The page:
Echelon builds pipeline for future supporters
New chapters of the young pros auxiliary emerge across the country to bolster the mission of The Salvation Army.
By Jared McKiernan –
It’s halftime of the NFL’s nationally televised Thanksgiving Day matchup between the Dallas Cowboys and Carolina Panthers at AT&T Stadium, so both teams head to the locker room to rest up for the final two quarters.
For Meredith Counce, it’s showtime. She’s spent months planning The Salvation Army’s annual Red Kettle Kick-Off Halftime Show to make sure one message gets out: The Salvation Army is a worthy cause, and you can get involved.
As director of brand and strategy for the Cowboys, Counce coordinates the event each year, securing talent from Selena Gomez to Kenny Chesney—all in effort to amplify this memo to the millions of Americans watching at home. But if you ask Counce, there’s one demographic in particular that needs to hear this message loud and clear: Millennials.
As donor bases dwindle for nonprofits across the country and the number of organizations vying for public support surges, many face a conundrum. How can they hook Millennials—their best shot at long-term sustainability—and keep them hooked for years to come?
For The Salvation Army, a large part of the effort lies in a national initiative called Echelon. Think young professionals—ages 22-35—fundraising, volunteering, networking, advocating for The Salvation Army in their communities. According to Captain Keith Maynor, national young adult secretary for The Salvation Army, even if most Millennials won’t be making $5,000 donations anytime soon, the time to start building trust is now.
Millennials are the fastest-growing share of today’s workforce. Unsurprisingly, they are likewise the fastest-growing segment of volunteers and prospective donors. Also noteworthy, the 2014 Millennial Impact Report suggested that Millennials respond best when offered a multitude of ways to engage in a cause, and regard donating their skills and time to a cause as equivalent to monetary giving.
“The strategy and the philosophy of this in the grand scheme is that we’re trying to build relationships and foster a new sense of commitment with the younger demographic,” Maynor said. “So we’re not trying to get any immediate funds from this group. What is far more important to us is that they believe in The Salvation Army, they believe in our mission. Because their belief is far more important than what’s in their pocketbooks right now.”
That realization came to light when the National Advisory Board (NAB) discovered several years ago that the average age of a U.S. donor was well over 65. Focus groups indicated that Millennials were generally unfamiliar with The Salvation Army. Some didn’t even recognize it was a charity.
“They saw alarm bells all over the map,” Maynor said. “They realized, if we don’t start to strategize, and to work out ways to engage the Millennial demographic, we could be in some serious trouble in the next couple decades.”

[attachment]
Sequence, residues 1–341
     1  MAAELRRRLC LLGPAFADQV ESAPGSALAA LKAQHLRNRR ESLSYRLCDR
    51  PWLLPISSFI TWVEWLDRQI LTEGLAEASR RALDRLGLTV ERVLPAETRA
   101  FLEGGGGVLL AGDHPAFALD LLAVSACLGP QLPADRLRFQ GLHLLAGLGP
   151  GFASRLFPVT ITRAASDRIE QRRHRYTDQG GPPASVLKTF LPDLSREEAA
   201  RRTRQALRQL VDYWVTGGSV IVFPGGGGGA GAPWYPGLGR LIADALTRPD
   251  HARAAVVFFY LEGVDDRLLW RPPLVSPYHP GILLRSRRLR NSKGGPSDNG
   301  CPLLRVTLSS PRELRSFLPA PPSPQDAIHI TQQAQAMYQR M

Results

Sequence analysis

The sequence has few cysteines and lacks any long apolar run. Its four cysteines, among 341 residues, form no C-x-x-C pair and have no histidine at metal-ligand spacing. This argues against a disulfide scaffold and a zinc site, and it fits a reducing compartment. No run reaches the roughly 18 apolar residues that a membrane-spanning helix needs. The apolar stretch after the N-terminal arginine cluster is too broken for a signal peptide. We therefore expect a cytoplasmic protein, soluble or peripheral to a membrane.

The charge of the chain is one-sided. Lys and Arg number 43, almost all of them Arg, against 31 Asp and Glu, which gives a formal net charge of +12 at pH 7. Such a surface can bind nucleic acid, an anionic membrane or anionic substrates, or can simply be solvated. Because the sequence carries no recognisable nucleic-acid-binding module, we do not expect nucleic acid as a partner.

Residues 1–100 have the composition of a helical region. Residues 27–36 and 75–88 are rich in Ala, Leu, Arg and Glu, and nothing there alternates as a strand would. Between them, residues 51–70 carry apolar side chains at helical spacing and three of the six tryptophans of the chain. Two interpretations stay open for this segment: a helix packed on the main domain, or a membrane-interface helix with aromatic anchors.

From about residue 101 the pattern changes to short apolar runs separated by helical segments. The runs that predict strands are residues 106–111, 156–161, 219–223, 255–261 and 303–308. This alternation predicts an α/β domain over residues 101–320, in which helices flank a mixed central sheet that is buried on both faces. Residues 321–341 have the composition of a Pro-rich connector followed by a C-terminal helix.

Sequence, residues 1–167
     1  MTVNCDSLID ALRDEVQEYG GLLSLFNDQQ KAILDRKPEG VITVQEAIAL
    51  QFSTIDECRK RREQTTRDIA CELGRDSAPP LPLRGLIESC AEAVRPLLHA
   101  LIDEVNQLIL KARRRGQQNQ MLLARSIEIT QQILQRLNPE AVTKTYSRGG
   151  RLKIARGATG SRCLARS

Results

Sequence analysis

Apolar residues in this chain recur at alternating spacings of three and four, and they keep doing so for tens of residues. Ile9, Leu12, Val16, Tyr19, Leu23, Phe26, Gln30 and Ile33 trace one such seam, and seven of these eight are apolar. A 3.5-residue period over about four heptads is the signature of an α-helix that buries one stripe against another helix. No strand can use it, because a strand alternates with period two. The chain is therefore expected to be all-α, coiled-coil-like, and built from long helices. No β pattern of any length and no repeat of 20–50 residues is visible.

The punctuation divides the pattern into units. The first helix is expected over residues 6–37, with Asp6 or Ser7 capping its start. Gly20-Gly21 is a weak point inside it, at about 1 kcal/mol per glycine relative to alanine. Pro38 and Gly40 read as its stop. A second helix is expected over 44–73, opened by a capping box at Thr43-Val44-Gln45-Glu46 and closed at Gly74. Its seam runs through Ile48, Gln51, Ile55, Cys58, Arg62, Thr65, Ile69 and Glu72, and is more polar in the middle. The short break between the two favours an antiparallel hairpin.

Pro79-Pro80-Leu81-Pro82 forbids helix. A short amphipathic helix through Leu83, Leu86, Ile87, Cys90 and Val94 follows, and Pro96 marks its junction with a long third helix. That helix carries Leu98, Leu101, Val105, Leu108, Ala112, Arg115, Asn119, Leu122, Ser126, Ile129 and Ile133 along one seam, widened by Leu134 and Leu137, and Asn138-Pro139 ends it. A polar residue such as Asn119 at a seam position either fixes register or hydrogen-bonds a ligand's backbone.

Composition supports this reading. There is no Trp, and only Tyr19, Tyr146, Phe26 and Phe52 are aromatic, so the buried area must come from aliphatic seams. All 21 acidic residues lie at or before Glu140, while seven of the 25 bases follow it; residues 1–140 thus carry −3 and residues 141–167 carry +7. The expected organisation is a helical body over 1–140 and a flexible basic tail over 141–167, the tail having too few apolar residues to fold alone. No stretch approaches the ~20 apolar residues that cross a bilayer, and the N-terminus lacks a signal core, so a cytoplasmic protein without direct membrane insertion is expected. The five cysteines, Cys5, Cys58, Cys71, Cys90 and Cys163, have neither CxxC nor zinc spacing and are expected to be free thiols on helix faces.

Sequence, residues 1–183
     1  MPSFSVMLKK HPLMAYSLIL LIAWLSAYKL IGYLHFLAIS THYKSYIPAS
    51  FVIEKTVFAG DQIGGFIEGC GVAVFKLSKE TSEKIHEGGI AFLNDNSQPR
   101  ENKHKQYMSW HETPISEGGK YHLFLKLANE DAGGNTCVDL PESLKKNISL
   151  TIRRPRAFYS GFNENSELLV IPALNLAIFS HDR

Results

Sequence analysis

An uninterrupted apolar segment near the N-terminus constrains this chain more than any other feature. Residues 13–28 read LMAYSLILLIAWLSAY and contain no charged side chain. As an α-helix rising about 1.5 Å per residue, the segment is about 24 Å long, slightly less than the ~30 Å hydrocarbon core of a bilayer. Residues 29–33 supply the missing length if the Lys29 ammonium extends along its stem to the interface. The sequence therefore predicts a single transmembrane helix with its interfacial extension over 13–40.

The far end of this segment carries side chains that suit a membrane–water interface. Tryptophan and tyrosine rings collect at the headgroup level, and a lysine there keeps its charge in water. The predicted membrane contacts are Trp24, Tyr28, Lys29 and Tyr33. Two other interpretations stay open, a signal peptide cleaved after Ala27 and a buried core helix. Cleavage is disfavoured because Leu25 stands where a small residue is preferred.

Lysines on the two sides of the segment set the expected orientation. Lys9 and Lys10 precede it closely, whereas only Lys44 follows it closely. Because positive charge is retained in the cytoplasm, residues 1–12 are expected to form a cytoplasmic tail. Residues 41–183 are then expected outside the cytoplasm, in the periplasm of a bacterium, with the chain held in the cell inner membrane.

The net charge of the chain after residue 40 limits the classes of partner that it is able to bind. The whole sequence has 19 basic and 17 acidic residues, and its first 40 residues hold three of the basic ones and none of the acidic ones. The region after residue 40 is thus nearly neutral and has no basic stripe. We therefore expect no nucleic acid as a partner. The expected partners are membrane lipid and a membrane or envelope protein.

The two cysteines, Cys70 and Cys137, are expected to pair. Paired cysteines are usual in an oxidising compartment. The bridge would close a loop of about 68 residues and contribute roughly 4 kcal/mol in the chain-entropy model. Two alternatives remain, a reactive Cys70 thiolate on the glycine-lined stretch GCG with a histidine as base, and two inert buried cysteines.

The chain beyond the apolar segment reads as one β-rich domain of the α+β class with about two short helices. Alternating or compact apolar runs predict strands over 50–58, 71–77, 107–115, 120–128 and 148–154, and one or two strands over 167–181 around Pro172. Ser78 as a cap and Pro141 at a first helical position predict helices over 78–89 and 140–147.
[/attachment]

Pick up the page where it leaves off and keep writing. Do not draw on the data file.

The NAB subsequently formed a young adult task force to do just that, and the conversation quickly shifted to the need for young ambassadors, ideally family members of existing advisory board members.
Counce, whose aunt served on the Dallas Fort-Worth Advisory Board, helped form a junior women’s auxiliary in Dallas, which soon became a co-ed young adult auxiliary. Within six months, that group exploded to 300 members. And in spring 2012, with help from the Richards Group, they developed the name Echelon—a military term meaning “formation of troops.” The NAB approved Echelon as a national brand for The Salvation Army, and the need to scale up the model grew apparent.
“This was not just a need here in Dallas,” Counce said. “This was a need across the country…Echelon is really a catch-all, and it’s a great entry point for a young adult to be introduced to The Salvation Army.” But as she soon learned, it’s one thing to make the introduction and another to convey the breadth and depth of an organization working in 127 countries and serving everyone from domestic violence victims to first responders to unemployed vets.
It’s a prodigious story, and Echelon needed to tell it strategically for the message to stick. So, instead of frontloading their new recruits, they divided the message into themed “semesters,” each reflecting one specific area of The Salvation Army’s service—women’s services, holidays and substance abuse, to name a few.
“Our service events, our social events, our networking, our financial giving and our in-kind giving are all rolled up into one theme each semester,” Counce said.
In one project, for instance, the chapter partnered with Green Works, The Salvation Army Dallas-Fort Worth Metroplex Command’s in-house landscape management company, which uses workers hired from the nearby Carr P. Collins Social Service Center. Some of these men are recovering from addiction, some are veterans, but all are homeless, unemployed and hard-pressed to find work elsewhere.
After Echelon members learned that there were more men at the shelter than there were positions with Green Works, they committed $25,000 for Green Works to purchase additional lawn care equipment to grow the business and employ more men.
They later met some of the residents and learned that, despite their new job experience, they lacked the means to produce a resume to hand out to employers.
So, Echelon rallied a group of volunteers one Saturday morning, paired up with the men at the facility, and helped them craft their resumes from the ground up.